IOC In Talks To Remove 10k, 200 From Olympics

Mo Farah and Galen Rupp went 1-2 in the 10,000 meters at 2012 Olympic Games.

According to an article in The Age, a Melbourne, Australia news source, the IOC has been in talks about eliminating such track events as the 10,000 meters, 200 meters, and the shot put from the Olympic schedule. The author of the piece, Michael Gleeson, lists the 10k as the most vulnerable of the three events, as the committee seeks to trim certain programs so that other sports can be included in the Games. None of the reported changes would be made before the 2016 Rio de Janeiro Olympics.

According to Brian Roe, a senior international technical official at the Olympics and World Championships, a meeting between “senior athletics people” took place recently in Europe, where the reduction of track and field events was among the topics. The article doesn’t mention how far along the talks are, or when any such measure would go into effect, but according to Roe, the 10k would be in the most danger, as it is rarely run on the IAAF calendar. According to Roe, five events were discussed in total- 10,000m, 200m, shot put, 20k race walk, and the triple jump. 

The IOC recently approved a measure to limit the total number of summer games athletes to 10,500 individuals across 310 events. Track and field alone has 2200 competitors in any given Olympic Games, more than 1/5 of the total participants. According to Gleeson, the IOC is seeking to attract a younger generation of fans to the Olympic Games, and doing so would mean potentially adding such events as surfing and karate. The 10,500 count would still need to be reached, placing the sport with the highest number of participants in danger of losing events.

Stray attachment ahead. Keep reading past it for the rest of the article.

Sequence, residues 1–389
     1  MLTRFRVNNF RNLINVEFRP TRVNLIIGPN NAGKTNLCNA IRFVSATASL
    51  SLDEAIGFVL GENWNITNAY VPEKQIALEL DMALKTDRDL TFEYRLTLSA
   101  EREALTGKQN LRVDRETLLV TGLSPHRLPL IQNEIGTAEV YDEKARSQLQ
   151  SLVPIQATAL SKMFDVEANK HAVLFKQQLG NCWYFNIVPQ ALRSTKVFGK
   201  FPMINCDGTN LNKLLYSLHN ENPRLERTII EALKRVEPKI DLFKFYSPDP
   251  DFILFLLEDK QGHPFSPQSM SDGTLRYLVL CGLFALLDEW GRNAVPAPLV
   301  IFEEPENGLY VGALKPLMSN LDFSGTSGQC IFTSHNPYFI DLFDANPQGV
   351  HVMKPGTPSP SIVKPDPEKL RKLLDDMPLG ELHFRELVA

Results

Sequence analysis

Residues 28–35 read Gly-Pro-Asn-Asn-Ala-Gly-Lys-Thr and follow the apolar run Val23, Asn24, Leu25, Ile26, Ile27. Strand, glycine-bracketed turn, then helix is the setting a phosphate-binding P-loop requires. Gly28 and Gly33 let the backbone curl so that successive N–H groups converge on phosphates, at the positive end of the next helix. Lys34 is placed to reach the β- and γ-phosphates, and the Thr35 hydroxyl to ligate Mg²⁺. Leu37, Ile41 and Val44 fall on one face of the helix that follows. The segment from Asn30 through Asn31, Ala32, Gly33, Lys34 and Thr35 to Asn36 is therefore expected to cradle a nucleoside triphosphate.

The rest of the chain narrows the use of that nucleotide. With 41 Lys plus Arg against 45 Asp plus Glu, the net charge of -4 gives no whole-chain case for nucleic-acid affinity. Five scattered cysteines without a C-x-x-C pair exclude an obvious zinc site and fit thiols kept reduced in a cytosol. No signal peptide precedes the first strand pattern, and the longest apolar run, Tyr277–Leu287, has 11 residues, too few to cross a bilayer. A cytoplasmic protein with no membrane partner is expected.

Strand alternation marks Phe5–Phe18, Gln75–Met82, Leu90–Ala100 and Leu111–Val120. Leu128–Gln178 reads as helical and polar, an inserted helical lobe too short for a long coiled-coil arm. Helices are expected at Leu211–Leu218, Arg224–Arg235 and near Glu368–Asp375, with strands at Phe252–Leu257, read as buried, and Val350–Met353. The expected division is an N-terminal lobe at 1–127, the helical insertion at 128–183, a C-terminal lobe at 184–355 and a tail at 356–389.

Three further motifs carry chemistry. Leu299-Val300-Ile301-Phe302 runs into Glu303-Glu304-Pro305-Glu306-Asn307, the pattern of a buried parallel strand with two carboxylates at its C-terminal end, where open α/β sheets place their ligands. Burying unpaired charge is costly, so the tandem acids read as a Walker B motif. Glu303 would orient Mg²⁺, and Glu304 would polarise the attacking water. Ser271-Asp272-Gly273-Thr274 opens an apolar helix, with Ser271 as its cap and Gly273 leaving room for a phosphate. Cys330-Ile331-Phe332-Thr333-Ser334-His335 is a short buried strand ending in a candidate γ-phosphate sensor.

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The recent announcements of program cuts to men's cross country at Akron and men's track at Central Michigan have resurfaced a feeling of uncertainty for the future of NCAA cross country and track. Here is a breakdown of where our sport currently stands within the NCAA system.

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Understanding Resting And Maximum Heart Rate

Throughout the past years, business has combined the health and technology industries to create a society where fitness tracking has become a regular pastime. People have become more invested in their health and want fun devices to assist in that. These smartwatches and apps have made it easier than ever to know what your exact heart rate is, how many hours of sleep you get, or how far you run. However, with all the knowledge presented to you, it’s equally important to actually understand what those numbers mean to best achieve all of your fitness goals. A big part of this is knowing the different active and resting heart rate zones. 

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